Tom applied for the head coaching job with the St. Louis Cardinals (football) after the 1965 NFL season, but after not being chosen, he joined fellow Packer assistant Norb Hecker, who had been named head coach of the expansion Atlanta Falcons. In the first game of the 1966 regular season, Tom caused controversy when he accused Rams coach George Allen of attempting to garner inside information on the team from a player that had been cut, charges that were never proven.

After that 2-12 first season in Atlanta, Tom became a head coach for the first time when he was hired by the expansion New Orleans Saints on 27 January, 1967. Despite the promise of the team scoring on the first-ever kickoff return in franchise history, Tom’s nearly 4 years at the helm of what became a perennial losing franchise were an exercise in frustration.

In 1970, Tom was recognized for his professional playing career when he was elected to the Pro Football Hall of Fame. That March, rumors of Tom replacing the departed Don Shula with the Baltimore Colts surfaced, but Don McCafferty was hired by the Maryland team in early April. Issues between Tom and Saints owner John Mecom, Jr., primarily Tom seeking the additional role of general manager, fueled such speculation. On 20 April, the matter ended when he was given control over all player personnel matters.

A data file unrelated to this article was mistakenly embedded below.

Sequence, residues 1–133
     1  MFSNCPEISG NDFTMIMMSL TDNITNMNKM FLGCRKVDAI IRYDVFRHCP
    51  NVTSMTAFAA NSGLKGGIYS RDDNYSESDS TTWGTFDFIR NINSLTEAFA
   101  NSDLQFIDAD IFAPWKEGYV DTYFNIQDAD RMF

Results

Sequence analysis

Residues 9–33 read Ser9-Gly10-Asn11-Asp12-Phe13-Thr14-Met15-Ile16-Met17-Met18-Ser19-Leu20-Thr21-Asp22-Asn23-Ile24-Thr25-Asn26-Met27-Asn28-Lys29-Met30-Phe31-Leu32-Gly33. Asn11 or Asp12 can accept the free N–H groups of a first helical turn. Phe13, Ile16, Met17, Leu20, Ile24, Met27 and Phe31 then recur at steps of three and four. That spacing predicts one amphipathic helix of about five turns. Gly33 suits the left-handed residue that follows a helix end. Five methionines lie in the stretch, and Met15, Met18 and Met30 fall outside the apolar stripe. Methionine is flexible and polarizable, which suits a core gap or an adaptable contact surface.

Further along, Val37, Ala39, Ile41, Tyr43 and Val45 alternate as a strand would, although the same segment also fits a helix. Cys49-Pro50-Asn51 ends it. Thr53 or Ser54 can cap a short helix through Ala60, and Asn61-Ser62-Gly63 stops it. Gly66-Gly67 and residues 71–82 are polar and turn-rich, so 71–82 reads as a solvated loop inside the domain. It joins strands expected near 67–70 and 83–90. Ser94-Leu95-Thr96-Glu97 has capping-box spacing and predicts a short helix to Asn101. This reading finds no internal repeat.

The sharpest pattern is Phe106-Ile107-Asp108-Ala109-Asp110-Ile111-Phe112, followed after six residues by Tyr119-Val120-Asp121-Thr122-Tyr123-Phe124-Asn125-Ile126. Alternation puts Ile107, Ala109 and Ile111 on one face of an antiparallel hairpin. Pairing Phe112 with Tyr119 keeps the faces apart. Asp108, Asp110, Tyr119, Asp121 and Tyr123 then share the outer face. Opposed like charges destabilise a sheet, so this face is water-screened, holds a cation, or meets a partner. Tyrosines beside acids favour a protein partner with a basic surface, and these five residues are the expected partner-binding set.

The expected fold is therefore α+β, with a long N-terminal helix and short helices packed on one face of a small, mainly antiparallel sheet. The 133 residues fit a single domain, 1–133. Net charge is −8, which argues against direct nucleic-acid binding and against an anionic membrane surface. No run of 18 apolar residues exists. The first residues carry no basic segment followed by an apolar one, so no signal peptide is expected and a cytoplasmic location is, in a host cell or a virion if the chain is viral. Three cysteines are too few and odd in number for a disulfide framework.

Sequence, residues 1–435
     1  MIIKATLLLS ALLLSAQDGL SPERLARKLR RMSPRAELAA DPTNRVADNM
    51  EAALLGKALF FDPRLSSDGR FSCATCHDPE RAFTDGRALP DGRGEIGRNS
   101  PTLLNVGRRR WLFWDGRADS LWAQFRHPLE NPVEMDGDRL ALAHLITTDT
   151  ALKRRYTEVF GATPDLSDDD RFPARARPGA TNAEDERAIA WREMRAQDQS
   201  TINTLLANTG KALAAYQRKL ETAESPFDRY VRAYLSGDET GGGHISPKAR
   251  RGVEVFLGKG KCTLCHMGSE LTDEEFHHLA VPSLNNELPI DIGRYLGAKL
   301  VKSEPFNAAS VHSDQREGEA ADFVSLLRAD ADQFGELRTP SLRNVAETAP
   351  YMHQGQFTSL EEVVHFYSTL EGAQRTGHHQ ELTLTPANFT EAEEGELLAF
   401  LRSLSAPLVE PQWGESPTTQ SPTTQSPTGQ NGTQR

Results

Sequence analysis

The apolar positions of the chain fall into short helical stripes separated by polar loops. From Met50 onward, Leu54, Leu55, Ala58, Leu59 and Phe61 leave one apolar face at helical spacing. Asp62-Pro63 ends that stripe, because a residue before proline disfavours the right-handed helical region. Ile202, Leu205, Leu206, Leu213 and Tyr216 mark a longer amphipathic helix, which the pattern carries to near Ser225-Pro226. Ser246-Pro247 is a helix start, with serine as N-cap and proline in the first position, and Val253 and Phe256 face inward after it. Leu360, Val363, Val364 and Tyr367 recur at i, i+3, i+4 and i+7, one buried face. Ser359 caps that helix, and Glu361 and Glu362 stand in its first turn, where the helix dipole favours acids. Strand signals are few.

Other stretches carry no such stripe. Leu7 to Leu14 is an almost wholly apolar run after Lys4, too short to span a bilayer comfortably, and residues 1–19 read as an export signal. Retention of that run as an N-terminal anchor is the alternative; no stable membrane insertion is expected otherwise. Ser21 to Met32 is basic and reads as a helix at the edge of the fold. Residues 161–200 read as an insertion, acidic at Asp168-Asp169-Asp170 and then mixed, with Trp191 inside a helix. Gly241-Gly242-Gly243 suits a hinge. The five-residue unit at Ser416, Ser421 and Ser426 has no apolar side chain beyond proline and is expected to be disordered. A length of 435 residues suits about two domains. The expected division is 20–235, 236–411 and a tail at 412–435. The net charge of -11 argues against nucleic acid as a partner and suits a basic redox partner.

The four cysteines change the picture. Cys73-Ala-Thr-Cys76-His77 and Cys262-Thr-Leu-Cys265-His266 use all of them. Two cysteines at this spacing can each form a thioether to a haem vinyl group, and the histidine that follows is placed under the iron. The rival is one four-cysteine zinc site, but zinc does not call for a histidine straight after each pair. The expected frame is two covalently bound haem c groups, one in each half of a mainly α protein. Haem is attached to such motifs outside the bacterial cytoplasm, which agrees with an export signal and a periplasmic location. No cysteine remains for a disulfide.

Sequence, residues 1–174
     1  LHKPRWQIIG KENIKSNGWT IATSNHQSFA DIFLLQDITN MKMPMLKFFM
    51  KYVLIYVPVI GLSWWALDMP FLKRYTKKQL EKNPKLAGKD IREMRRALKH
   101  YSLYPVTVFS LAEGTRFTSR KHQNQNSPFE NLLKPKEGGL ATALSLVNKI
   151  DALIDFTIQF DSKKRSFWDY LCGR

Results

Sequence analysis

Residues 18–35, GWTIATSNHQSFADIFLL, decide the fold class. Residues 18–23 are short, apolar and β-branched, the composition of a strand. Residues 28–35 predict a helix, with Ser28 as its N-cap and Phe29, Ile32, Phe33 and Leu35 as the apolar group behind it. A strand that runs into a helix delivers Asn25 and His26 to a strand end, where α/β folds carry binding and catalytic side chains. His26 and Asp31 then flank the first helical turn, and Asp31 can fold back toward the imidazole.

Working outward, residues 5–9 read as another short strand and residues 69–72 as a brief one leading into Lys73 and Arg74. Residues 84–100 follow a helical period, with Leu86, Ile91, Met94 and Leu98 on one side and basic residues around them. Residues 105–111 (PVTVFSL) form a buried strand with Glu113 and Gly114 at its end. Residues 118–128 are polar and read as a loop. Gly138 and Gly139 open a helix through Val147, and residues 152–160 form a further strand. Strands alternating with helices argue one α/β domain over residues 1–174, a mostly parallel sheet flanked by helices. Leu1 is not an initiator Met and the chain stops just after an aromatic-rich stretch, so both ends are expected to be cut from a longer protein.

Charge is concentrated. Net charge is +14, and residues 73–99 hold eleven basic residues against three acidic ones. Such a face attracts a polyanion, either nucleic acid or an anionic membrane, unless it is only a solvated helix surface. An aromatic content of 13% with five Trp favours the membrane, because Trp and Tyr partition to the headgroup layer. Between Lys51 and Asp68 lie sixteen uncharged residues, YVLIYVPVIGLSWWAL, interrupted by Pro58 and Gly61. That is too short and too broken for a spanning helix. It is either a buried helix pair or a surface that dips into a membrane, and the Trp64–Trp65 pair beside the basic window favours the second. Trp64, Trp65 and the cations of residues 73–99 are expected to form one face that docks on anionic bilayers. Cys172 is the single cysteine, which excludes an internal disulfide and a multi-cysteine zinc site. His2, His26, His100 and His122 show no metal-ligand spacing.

Tom’s tenure in his new dual roles, however, would be short, when the team ended the first half of the 1970 NFL season with a 1-5-1 mark, resulting in his dismissal on 3 November after compiling an overall mark of 13-34-2. Tom resurfaced a few months later, serving as offensive coordinator of the Philadelphia Eagles, but when head coach Ed Khayat was fired at the end of the 1972 NFL season, Tom was out of work again.

After spending 1973 off the gridiron, Tom was named head coach of the fledgling World Football League’s Southern California Sun on 14 January, 1974. The fragile financial condition of the entire league resulted in Tom leading the team for less than 2 years before the WFL folded in October 1975.

Tom’s disappointment was soothed somewhat when he was named to the College Football Hall of Fame in 1976, the same year he was named president of the All-Sports Council of Southern California, which helped amateur sports in the area. 1 year later, he returned to coaching as an assistant at San Bernardino Junior College.